Lendlease to Exit U.S. Market and Hand Over Some Operations to Consigli

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Global development company Lendlease is calling it a day after 45 years of operating in the U.S. market, in a reorganization that will focus on its native Australia while positioning itself into a “lower-risk business,” the developer announced.

As part of Lendlease’s exit from the country, Consigli Building Group has acquired all of Lendlease’s New York and New Jersey operations, including its employees and up to 45 Lendlease projects currently underway, Consigli announced. Terms of the acquisition were not disclosed.

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Lendlease will also exit the U.K. market and “recycle” $4.5 billion of capital back to its Australian operations, getting projects in both countries that are either announced or underway off its books, according to the company. It expects to collect $125 million in savings over the next 12 months as well as prioritize debt reduction and capital returns for shareholders.

“As we have built our relationship over the years, I have long admired Consigli’s leadership and commitment to quality, safety and customer service,” Claire Johnston, CEO of Lendlease’s America operations, said in a statement. “As Lendlease’s global strategy is redirecting its construction and development focus more closely to Australia, I am confident that our teams, under the trusted Consigli leadership, will ensure the future success for our clients and our people.”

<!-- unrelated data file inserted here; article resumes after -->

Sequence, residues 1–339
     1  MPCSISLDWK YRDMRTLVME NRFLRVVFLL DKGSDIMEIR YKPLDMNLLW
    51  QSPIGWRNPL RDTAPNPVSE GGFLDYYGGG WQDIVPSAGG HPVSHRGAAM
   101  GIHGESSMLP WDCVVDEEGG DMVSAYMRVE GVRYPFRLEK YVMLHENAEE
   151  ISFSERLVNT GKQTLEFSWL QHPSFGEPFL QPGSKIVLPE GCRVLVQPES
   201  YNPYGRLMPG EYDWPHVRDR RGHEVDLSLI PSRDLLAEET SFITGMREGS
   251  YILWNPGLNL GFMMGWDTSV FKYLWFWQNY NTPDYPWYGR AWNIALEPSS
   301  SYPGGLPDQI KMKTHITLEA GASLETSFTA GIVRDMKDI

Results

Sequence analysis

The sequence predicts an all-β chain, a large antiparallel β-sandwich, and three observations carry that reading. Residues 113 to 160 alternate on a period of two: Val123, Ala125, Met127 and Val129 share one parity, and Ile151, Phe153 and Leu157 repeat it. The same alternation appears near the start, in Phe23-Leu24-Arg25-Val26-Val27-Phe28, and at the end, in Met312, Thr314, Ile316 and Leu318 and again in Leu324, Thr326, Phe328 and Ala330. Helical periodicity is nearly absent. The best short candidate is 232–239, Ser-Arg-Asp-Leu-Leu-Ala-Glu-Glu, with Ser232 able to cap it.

During its time in the U.S., Lendlease worked on projects such as the National September 11 Memorial & Museum, Central Park Tower at 225 West 57th Street, the Javits Convention Center expansion and the American Museum of Natural History’s expansion.

Lendlease currently has a 36-story, 834-unit multifamily project under construction on the Greenpoint, Brooklyn, waterfront, giving it control of the NYC Ferry dock in the neighborhood

“Expanding our New York and New Jersey portfolio with the addition of Lendlease, a highly complementary business to ours, signifies our dedication to growth and excellence in this core market,” Anthony Consigli, CEO of Consigli, said in a statement. “As we leverage our combined strengths, expertise, and capabilities, we’re poised to deliver heightened value to our clients with the greater ability to tackle more complex and ambitious projects.”

Whether Consigli will keep all staff currently working for Lendlease and what will happen to its operations outside of New York and New Jersey is unclear. A timeline for the transition was not provided.

Lendlease’s time in the U.S. was not without any pain, as the developer recently lost the $15 billion deal with Google to build homes, office and retail in Silicon Valley. At the time, Lendlease said it “mutually reached” an agreement with Google to end the projects, CNN reported.

Mark Hallum can be reached at mhallum@commercialobserver.com.